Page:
So while I was grinning ear to ear today thinking about what a fabulous birthday he had, patting myself on the back for making it this far I was also contemplating what the future holds. Will I look back after the next 10 and think, WOW, I did it? Will it be better and easier than the first 10. Will all my fears and worrying be for naught? I truly don't know. Only time will tell. One thing is for certain though, I really need to learn to drink a little more. Life will certainly be rosier with a few cocktails!

Happy Birthday to my very special boy!

Tuesday, February 24, 2015

Now You See Him, Now You Don't

     I often say about my son that the most difficult part of this whole "situation" is how smart he is. That at every turn he outsmarts us and that whatever measures we put in place to protect him and keep ahead of him will ultimately fail because he is just. so. damn. smart. Truer words were never spoken.
      I have written more than once about my son running away. It has happened to us more times than it should. To be honest, it shouldn't even have happened once. As you know (if you read my blog) we have put many environmental controls in place to stop him. We have a double sided lock on our front door that requires a combination to get in and out. We built a new bigger and better fence and we put a GPS on his person. We stopped allowing him to play in front of the house even though he loved to and we totally secured the back. We don't really like the fact that we have to limit his world all the time but it is for his own safety and so we do. It does make us sad because he loves to be outside and so we are always trying to find ways to keep him safe and give him access to the things that he loves. It is not easy to find solutions but we try. We have hired someone who comes on Saturdays and spends the entire afternoon walking around the neighborhood with him. We never leave him unattended outside, we are constantly on watch. It is difficult to manage life this way and so wherever we can we try to find ways to give him freedom and still maintain our sanity. Easier said than done.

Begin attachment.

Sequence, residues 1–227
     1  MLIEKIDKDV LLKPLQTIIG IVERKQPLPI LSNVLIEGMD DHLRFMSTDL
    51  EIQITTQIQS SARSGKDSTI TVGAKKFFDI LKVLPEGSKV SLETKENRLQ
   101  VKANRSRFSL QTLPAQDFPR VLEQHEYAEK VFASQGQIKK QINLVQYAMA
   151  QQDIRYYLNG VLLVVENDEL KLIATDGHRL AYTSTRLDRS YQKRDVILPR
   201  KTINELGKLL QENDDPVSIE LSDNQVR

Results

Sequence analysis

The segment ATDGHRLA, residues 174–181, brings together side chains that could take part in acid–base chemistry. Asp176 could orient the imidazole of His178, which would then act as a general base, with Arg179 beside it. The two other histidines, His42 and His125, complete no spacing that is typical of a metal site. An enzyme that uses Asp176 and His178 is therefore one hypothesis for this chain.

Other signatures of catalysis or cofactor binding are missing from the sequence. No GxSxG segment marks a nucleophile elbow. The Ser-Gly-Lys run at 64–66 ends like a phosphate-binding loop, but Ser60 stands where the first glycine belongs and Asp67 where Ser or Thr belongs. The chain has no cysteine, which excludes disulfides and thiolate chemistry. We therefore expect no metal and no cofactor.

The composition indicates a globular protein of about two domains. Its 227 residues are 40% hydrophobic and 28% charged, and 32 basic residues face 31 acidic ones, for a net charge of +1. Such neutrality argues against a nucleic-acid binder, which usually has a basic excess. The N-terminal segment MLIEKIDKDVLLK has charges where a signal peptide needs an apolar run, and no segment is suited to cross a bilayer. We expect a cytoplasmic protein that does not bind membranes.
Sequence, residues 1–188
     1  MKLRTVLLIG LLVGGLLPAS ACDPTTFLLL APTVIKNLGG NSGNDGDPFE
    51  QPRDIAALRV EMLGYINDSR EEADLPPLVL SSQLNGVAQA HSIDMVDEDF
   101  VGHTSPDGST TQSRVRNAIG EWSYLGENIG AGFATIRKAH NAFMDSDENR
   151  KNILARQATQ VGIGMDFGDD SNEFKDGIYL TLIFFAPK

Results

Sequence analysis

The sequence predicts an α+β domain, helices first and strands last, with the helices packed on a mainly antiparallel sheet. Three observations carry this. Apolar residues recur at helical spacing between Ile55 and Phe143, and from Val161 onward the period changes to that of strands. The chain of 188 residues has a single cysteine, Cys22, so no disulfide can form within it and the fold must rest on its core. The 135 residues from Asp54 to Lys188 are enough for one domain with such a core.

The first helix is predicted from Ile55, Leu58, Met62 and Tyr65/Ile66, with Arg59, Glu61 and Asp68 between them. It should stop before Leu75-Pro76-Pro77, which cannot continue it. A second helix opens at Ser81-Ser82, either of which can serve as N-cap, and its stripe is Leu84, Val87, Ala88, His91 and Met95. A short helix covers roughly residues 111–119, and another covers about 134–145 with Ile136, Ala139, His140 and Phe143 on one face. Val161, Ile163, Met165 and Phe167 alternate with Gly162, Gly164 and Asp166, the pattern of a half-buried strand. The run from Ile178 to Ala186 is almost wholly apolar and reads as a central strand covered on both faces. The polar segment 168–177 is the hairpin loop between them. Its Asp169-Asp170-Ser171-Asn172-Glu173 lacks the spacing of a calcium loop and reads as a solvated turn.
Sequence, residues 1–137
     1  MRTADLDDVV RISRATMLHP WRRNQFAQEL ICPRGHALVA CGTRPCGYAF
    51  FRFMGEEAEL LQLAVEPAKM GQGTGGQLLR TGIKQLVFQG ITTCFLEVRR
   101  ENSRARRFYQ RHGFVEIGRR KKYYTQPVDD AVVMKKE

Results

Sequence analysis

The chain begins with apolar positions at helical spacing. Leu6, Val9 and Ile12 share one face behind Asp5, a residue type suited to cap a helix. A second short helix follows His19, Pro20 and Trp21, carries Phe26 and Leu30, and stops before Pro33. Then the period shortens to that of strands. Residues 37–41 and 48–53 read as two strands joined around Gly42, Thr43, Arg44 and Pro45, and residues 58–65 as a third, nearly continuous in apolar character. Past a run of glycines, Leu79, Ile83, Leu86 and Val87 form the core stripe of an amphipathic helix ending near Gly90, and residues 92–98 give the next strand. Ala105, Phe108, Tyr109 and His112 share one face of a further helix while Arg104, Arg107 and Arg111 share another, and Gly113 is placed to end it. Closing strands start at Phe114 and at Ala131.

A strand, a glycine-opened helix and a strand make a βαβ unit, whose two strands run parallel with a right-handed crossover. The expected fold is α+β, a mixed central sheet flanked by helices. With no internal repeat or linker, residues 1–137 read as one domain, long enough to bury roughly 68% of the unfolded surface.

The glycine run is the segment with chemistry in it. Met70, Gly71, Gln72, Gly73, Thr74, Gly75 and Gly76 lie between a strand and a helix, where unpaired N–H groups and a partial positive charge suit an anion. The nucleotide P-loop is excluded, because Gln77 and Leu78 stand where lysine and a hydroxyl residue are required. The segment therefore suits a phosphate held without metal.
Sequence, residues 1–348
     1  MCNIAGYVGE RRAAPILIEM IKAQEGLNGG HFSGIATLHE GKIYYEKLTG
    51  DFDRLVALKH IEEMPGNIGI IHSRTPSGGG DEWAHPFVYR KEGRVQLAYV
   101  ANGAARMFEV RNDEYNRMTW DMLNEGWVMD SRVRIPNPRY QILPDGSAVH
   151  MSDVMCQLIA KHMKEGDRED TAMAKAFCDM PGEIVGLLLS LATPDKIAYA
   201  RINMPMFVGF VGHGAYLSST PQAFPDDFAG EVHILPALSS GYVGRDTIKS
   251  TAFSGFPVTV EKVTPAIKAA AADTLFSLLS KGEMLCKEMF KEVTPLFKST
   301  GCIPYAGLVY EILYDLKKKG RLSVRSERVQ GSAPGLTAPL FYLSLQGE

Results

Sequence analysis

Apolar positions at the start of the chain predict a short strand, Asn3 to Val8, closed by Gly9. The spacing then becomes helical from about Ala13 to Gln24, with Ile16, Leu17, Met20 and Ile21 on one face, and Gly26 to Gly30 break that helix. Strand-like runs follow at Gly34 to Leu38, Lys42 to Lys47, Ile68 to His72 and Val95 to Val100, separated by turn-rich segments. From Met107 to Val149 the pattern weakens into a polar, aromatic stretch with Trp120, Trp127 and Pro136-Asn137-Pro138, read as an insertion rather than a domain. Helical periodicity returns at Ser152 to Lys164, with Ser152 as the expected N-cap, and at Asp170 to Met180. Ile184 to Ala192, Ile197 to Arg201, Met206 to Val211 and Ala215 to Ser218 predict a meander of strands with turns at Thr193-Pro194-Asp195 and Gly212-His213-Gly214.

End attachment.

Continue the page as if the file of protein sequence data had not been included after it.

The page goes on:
About two weeks ago my husband figured out a way to tie the front gate closed in a a manner that my son could not figure out how to open. It was a great solution because this way my son could be outside and we didn't have to worry. It even worked for a bit. Until today when as usual my son outsmarted us.